Re: No Smokers Wanted in Houston (was: Tech Writers Wanted...)

Subject: Re: No Smokers Wanted in Houston (was: Tech Writers Wanted...)
From: Sella Rush <SellaR -at- APPTECHSYS -dot- COM>
Date: Fri, 7 Mar 1997 16:19:24 -0800

Stephen wrote:
>While I'm not a fan of smoking (though I do it myself), I wonder what's
>next? "Must be past child-bearing years."? "Must not be a diabetic or
>pre-diabetic."? "Must submit to regular HIV-tests"? (Yes, I know, some
>of these are clearly illegal....)

>When does an employer have a right to determine what you do in your
>private life? At what point do your personal choices affect his/her
>ability to run a business?

Wayne use of the phrase "protected class" is crucial here. Women are a
"protected" class precisely in response to employers' arguments that
they didn't want to hire women because they'd just go off to get married
and/or have kids (also all that time off for "womens' problems!).

As far as I know, people with medical problems cannot be overtly
discriminated against, but they can be passed over if their ailments
will directly inhibit their ability to do the job they're being hired
for. This policy has seen abuse in both directions--lots of people get
passed over for other technical reasons but really because of illness or
disability, while I personally have met several people who were hired in
spite of being unable to perform the job they're being hired for (I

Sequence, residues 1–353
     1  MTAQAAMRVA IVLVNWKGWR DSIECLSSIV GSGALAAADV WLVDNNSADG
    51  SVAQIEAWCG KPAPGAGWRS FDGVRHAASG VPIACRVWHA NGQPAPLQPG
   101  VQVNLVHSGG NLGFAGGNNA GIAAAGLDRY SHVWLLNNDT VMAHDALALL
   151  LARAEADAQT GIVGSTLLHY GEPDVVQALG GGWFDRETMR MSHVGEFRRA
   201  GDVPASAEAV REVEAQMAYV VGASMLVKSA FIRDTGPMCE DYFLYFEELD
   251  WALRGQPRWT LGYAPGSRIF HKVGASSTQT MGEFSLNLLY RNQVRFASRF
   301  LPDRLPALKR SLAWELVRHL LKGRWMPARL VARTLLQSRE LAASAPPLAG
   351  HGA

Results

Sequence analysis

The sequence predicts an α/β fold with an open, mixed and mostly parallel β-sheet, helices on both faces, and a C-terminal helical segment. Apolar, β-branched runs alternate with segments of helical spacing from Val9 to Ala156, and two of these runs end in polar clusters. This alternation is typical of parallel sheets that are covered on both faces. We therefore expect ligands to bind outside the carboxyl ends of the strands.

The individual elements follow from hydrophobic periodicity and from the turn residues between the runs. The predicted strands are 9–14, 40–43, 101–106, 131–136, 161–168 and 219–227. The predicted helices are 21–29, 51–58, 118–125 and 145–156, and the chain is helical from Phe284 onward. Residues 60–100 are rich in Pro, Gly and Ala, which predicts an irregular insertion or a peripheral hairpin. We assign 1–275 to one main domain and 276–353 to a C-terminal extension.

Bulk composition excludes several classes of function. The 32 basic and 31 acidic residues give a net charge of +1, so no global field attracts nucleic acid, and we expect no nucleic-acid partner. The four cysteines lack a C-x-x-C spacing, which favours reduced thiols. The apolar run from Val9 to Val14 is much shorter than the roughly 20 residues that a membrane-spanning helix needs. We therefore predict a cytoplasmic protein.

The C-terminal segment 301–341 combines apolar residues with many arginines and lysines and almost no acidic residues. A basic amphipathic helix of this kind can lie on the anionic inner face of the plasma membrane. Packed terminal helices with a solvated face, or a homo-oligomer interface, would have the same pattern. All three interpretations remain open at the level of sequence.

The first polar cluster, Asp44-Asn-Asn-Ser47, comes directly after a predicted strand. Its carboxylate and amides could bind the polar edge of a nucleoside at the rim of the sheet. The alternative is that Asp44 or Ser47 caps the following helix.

guess they know how to work the system).

The whole insurance rate issue is becoming a big factor now, partly, I
think, because it plays into what employers want. They want healthy
people who can work at optimum performance, and now they can justify
certain less than ethical stances because they can pass the buck to the
insurance companies. But only so long as no protected classes are
involved.

Personally, this whole attitude of trying to dictate an employee's
personal life feels like a shortcut. Instead of firing those
*individuals* who are not getting the job done, they improve their
chances of getting the employees they want by restricting the pool of
people to choose from. It probably also has a lot to do with the fact
that it can be so much harder to fire someone without legal action and
also much harder to determine what kind of employee someone will be
before hiring them.

I could say a whole lot more on this subject, but my boss is coming....
++++++++++++++++++++++++++++++++++
Sella Rush
Applied Technical Systems, Inc. (ATS)
Bremerton, Washington USA
Developers of the CCM Database

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